Mission to Tashkent

Mission to Tashkent

Lt.-Col. F. M. Bailey

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Description

Colonel F. M. Bailey, whose extraordinary adventures are told here, was long accused by Moscow of being a British master-spy sent in 1918 to overthrow the Bolsheviks in Central Asia.

As a result, he enjoyed many years after his death an almost legendary reputation there—that of half-hero, half-villain.

In this remarkable book, which was first published in he tells of the perilous game of cat-and-mouse, lasting sixteen months, which he played with the Bolshevik secret police, the dreaded Cheka. At one point, using a false identity, he actually joined the ranks of the latter, who unsuspectingly sent him to Bokhara to arrest himself.

Told with almost breathtaking understatement, Bailey’s narrative—set in a region once more back in the headlines—reads like vintage Buchan.

“…one of the best books about secret intelligence work ever written.” Peter Hopkirk.


Author

Lt.-Col. F. M. Bailey:
Frederick Marshman Bailey CIE (3 February 1882 - 17 April 1967) was a British explorer and intelligence officer, and one of the last protagonists of The Great Game—the fight for supremacy between the Russians and the British Empire along the Himalayas.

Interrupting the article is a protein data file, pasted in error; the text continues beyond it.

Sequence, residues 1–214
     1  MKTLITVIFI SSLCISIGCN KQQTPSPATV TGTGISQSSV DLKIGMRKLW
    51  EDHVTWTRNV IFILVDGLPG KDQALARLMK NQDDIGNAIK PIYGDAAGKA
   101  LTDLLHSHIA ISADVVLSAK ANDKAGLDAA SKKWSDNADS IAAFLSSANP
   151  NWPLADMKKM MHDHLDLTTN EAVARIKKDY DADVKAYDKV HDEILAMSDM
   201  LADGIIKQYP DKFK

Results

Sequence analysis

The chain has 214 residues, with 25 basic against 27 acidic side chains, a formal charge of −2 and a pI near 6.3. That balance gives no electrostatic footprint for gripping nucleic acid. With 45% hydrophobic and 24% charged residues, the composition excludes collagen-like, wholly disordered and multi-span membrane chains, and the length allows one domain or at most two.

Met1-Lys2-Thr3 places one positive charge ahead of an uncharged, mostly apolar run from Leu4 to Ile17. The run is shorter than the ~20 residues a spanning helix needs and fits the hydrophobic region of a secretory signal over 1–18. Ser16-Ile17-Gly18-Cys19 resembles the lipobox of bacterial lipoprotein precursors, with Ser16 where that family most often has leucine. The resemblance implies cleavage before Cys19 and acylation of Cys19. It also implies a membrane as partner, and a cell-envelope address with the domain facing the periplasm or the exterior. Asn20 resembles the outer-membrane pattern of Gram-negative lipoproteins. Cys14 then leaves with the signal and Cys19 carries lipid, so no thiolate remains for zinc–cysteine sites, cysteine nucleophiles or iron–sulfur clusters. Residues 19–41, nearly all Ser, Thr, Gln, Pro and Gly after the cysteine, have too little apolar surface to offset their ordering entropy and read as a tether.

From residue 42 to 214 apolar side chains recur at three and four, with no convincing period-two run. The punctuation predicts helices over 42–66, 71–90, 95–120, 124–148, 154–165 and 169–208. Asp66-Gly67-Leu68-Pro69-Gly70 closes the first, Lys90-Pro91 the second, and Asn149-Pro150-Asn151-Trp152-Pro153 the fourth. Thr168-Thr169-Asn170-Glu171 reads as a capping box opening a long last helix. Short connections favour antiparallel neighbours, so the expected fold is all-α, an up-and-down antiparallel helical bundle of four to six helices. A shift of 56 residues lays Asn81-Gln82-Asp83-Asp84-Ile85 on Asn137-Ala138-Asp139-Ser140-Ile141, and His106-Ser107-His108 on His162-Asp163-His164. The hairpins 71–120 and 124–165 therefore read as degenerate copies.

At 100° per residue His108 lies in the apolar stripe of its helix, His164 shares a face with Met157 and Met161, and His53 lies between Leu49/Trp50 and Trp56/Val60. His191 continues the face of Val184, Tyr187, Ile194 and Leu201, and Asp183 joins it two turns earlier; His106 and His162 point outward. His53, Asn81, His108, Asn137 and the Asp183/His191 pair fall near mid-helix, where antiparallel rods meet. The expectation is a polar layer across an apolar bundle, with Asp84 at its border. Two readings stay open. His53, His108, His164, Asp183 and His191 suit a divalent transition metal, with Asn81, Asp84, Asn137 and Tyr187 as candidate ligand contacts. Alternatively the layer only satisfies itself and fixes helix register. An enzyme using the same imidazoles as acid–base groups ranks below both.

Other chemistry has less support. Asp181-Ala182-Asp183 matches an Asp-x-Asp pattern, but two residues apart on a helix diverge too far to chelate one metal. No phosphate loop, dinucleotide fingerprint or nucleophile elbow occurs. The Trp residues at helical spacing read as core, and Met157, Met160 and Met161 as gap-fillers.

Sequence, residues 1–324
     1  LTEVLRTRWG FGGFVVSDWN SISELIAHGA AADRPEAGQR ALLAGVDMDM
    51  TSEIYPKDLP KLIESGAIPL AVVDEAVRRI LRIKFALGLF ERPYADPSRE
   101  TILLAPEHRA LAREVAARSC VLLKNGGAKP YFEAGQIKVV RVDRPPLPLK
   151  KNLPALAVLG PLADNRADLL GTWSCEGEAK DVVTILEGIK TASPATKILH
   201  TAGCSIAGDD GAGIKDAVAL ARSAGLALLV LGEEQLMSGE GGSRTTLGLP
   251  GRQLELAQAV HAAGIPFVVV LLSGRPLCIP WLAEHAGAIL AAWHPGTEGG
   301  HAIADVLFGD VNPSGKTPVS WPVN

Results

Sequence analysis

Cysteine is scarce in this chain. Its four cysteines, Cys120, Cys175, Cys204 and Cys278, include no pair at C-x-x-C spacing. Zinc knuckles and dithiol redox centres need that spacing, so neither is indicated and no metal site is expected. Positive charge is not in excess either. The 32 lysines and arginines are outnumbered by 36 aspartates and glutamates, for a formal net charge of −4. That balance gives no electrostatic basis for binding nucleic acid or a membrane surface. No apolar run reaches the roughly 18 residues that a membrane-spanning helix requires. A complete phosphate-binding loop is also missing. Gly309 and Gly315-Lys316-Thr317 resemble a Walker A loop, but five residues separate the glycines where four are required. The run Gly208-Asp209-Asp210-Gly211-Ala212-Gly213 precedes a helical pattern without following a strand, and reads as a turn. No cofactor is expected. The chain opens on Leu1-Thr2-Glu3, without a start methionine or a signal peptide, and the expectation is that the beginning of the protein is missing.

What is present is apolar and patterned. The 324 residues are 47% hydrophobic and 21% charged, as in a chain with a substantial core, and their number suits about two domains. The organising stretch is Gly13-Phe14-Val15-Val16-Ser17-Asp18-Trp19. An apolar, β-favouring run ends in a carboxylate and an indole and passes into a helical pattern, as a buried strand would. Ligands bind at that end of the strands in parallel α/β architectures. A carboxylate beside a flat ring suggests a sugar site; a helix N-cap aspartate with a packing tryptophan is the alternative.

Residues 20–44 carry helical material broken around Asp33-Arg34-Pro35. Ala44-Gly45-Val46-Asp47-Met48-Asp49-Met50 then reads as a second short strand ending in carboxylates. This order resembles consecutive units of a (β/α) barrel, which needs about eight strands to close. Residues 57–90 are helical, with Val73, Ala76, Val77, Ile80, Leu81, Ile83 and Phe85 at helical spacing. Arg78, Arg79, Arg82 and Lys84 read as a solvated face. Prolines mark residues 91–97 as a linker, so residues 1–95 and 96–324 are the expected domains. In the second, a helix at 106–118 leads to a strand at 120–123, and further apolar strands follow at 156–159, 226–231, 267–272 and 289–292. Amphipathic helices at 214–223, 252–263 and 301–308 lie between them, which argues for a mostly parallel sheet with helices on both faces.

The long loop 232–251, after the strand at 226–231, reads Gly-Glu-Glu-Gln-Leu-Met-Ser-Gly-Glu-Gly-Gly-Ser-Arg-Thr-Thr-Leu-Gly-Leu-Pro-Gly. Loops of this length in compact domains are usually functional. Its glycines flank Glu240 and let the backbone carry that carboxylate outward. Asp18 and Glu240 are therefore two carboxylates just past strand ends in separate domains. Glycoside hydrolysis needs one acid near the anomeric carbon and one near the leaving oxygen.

Born in Lahore, India, the son of an officer in the Royal Engineers of the British Army, he was educated at Edinburgh Academy, Wellington College (1895-1899) and the Royal Military College, Sandhurst, from where he was commissioned onto the Unattached List of the Indian Army in 1900. He was admitted to the Indian Army in 1901 and attached to the 17th Bengal Lancers. He was promoted to lieutenant in 1902 and transferred to the 32nd Sikh Pioneers in 1903.

During a mission in Sikhim he studied Tibetan and became so proficient that he accompanied Francis Younghusband in his 1904 invasion of Tibet. He transferred to the Foreign & Political Department in 1906 and served as the British Trade Agent in Gyantse (Tibet) at intervals between 1905-1909. He was promoted Captain in 1908 and served during the operations in the Abor country 1911-1912.

In 1914 he was appointed as a Captain with the 6th Reserve Regiment of Cavalry at Dublin and served on the western front in 1915 with the 34th Sikh Pioneers. He also fought at Gallipoli, serving with the 5th Gurkhas, and was appointed a Companion of the Most Eminent Order of the Indian Empire in 1915.

He then served as Political Officer on the North West Frontier during the Mohmand Operations 1916-1917, in South Persia until 1918, and in Chinese & Russian Turkistan as a temporary Lieutenant-Colonel from 1918-1920. It was during this time that he traveled to Tashkent in Central Asia on one of his best-known adventures, to discover the intentions of the new Bolshevik government, specifically in relation to India, and was instrumental in organising support for the Basmachi Revolt.

Bailey died in Stiffkey, Norfolk in 1967, aged 85.

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